Have you been to Metropolis Lately?

 

 

The black and white "tattoo" promo ads were not produced to sell the series so much as sell the chemistry between Dean Cain and Teri Hatcher. The ads also served to emphasize that this would be a different telling of the Superman legend.

 

ABC scored a small coup by having Dean and Teri lined up as presenters at the 1993 Emmy Awards. Their humor and chemistry once again was emphasized.

 

The proof is in the pilot

 

 

No matter how clever the ad campaigns or the cast appearances were, it would still come down to the pilot. If it couldn't make good on its own merits, no amount of advertising was going to save it.

 

 

 

Fortunately the pilot was a charming blueprint for the series and garnered high marks from the critics. It introduced a new spin on legendary characters and it was the characters who became the linchpins of the series.

 

 

The characters of Lois and Clark were so well drawn in the pilot episode that anything that was true of them there would be true of them throughout the run of the series.

Lois put on a tough facade, but had a marshmallow center. Clark, who had never been in love before he met Lois Lane, realized that love changed all the rules.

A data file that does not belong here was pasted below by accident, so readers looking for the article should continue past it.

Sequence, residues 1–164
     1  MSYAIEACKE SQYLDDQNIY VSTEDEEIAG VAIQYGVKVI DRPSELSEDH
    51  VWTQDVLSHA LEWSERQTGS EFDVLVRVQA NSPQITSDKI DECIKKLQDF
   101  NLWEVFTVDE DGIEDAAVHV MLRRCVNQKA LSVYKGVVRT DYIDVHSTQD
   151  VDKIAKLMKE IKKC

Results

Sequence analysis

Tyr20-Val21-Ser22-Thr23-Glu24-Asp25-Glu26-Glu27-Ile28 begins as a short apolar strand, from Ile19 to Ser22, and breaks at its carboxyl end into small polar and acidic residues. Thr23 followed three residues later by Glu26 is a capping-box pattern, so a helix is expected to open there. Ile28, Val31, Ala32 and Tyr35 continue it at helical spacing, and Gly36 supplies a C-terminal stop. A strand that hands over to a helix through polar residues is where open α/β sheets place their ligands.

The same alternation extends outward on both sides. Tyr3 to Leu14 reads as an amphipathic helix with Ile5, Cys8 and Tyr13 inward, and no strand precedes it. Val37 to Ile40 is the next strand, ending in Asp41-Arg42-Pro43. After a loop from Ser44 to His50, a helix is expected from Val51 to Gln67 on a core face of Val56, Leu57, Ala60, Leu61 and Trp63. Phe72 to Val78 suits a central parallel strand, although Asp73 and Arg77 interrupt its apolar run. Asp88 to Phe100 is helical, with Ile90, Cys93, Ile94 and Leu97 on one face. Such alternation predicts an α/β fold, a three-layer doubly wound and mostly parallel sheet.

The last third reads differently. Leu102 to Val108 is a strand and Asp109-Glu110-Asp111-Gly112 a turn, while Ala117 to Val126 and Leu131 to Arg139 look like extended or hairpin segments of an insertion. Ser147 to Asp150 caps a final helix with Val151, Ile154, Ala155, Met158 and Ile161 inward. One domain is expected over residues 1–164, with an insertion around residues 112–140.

When worlds collide

 

 

Once the series was launched officially, it had one drawback and one plus, and they were both named Superman. There were those who tuned in initially because they were Superman fans, while others refused to even give the show a chance fearing it would be a comic book show.

Those who tuned in hoping to see a "twenty-something" version of Moonlighting were put off by the jarring intrusion of a comic book hero. Conversely, those who tuned in to see a comic book hero were disappointed to find the Man of Steel reduced basically to cameo appearances. This clash was costly to the first season ratings.

 

When Lois and Clark and seaQuest DSV hit their mid-season points, critics were complaining that neither show had lived up to the potential shown in their respective pilots. More important to the networks, however, were the ratings and neither show was performing well. Both NBC and ABC ordered changes. Part 3

 

 


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